Any paddler at the 16th annual Molokai-2-Oahu Paddleboard World Championships (M2O), presented by Kona Longboard Island Lager would agree that there were nearly 300 personal victories for those who completed the grueling 32-mile crossing of the Ka'iwi Channel, also known as the Channel of Bones. When the final race results were reported on Sunday, July 29, 2012, new course records were set, two champions successfully defended their titles, two new champions were crowned and three professional surfers tested their wave riding skills on wind-whipped waves from the shores of Molokai to Oahu.
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Fast conditions aided athletes in the SUP division, resulting in another record setting year for both the men and the women.
Connor Baxter, 17, from Maui defended his 2011 title in a time of 4 hours, 13 minutes, 26 seconds. This was a repeat victory for Baxter who exchanged the lead many times with M2O veteran Dave Kalama who is 30 years his senior. Baxter's finish time beats his former course record by more than 13 minutes set last year.
"This year I had Dave (Kalama) right next to me, so it felt like a sprint," said Baxter. "It was back and forth the whole time."
Less than eight minutes behind Baxter was Kai Lenny, 19, from Paia, Hawaii who powered his stock board to third place overall in the men's SUP division. His time of 4:22:14 also won Lenny the top spot and the new course record in the stock SUP category.

In the women's unlimited SUP division, Maui native Talia Gangini, 19, took down the 2011 champion Andrea Moller's course record by more than 30 minutes, finishing in 4:55:02. In a reversal of fortune, this was Gangini's first win at the famed race after finishing second to Moller, 32, in 2011. Today was Gangini's second solo crossing over the Ka'iwi Channel.
"I love riding the swells," said Gangini of the wave faces that periodically measured more than eight feet. "It was insane out there."
Rachel Bruntsch, 28, from Honolulu, Hawaii won the stock SUP category in 5:49:10.
Using only the power of their arms to propel their boards across water, two Australians continued their country's dominance in the unlimited traditional (prone) paddleboard division M2O.
Brad Gaul, 33, becomes the first new champion in a decade at the world championships after ten-time champion Jamie Mitchell stepped away from men's prone paddling at M2O. Gaul, who finished in 4:43:54, said he dreamed of this moment for a longtime as he referred to the race as the Super Bowl of paddling.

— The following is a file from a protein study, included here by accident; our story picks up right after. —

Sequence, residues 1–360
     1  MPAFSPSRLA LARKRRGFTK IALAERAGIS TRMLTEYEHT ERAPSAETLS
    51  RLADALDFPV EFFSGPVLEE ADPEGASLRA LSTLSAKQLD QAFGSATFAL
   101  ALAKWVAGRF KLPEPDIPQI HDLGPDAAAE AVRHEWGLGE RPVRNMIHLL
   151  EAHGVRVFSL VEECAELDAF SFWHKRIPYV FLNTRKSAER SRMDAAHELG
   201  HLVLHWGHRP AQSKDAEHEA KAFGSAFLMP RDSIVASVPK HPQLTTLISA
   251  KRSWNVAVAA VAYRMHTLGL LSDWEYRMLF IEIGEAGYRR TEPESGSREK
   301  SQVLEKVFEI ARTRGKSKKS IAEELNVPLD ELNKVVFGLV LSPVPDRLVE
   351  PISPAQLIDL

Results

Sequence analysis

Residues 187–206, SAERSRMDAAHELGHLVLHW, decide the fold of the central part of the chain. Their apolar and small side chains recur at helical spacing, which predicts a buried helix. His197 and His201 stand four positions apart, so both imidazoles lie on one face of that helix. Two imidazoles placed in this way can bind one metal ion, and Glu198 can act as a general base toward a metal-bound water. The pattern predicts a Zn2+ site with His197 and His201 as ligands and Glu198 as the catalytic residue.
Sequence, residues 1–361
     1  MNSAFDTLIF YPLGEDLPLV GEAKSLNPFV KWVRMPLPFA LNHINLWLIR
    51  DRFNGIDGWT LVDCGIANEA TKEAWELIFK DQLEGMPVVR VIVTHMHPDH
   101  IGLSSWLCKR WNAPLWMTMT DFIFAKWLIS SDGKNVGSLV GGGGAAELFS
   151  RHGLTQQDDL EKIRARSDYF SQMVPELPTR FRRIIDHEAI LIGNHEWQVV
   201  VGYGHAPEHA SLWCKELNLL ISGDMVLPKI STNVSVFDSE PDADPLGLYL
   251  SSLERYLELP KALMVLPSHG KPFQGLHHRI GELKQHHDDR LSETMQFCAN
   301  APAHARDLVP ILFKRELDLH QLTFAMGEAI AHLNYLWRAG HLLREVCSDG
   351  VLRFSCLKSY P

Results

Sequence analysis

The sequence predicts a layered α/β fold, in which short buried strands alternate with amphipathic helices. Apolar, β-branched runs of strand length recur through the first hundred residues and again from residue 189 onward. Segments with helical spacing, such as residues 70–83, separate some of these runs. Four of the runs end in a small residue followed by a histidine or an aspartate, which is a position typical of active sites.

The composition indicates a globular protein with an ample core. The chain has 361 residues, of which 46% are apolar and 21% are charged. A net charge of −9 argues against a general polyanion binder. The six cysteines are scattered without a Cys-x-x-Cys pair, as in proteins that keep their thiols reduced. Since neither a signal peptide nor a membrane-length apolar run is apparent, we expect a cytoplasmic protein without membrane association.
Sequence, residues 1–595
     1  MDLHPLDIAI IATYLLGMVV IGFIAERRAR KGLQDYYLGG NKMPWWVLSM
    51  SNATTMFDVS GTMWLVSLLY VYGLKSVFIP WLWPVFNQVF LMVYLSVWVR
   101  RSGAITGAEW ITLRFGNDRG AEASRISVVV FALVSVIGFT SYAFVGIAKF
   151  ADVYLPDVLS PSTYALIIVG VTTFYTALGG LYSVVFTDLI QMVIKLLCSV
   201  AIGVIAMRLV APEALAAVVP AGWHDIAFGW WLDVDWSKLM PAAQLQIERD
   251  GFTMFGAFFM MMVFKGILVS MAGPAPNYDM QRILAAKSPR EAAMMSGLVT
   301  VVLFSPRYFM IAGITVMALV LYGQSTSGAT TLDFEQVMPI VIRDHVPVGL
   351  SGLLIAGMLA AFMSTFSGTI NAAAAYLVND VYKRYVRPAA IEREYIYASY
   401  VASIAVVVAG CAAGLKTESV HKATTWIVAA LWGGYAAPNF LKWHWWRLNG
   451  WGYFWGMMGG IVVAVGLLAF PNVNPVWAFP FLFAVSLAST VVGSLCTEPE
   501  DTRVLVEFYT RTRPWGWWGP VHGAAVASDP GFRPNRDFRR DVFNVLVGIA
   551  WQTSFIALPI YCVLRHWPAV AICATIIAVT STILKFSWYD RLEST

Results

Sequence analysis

On the women's side, 18-year-old Jordan Mercer defended her 2011 title in a time of 5:34:53, holding up two fingers as she glided across the finish. The rough conditions on the channel prevented record times for the prone paddlers this year, but with eight-time champion Kanesa Duncan-Seraphin bearing down on her, Mercer was more concerned with securing a win rather than bettering the current course record she set in 2011.
"It's different every year out there and you can't predict it, that's what I love about the channel," said Mercer. "It felt like I was meant to be out there today."
Duncan-Seraphin, 36, from Kapaa, Hawaii finished second (5:45:00) in her 12th M2O.
Jack Bark, 18, won the stock prone paddleboard category in 5:28:16. In his first solo crossing of the Ka'iwi Channel, Bark bested the Australian paddler Zeb Walsh, but only by a few board lengths. Bark's father Joe also completed the race today in 6:41:45.
Joanna Bilancieri, 38, from Honolulu, Hawaii won the women's stock paddleboard race in a time of 6:39:43.
Professional surfers Rob Machado, Joel Parkinson and Jamie Sterling who participated in two and three-man team relay got their first taste of riding waves in the middle of the churning channel.
After his three-man SUP team finished in 6:00:42, Machado admitted that the channel got the best of him at times, but also provided excitement and a unique experience.
"It’s a legendary race – there was a lot of good water and a lot of good bumps out there," said Machado. "I got taken out a few times, but it was fun."
ASP World Champion, Joel "Parko" Parkinson teamed up with fellow Australian, friend and paddleboarding pro Wes Berg in the two-man stock traditional category. The two navigated to a 6:18:47 finish time and check a goal off Parko's life list.
"I think surfing a contest is a lot easier," joked Parkinson. "I always wanted to do it, it was a great experience."
Big wave surfer Jamie Sterling and friend Tucker Ingalls paddled their two-man SUP team to a 5:45:17 finish.

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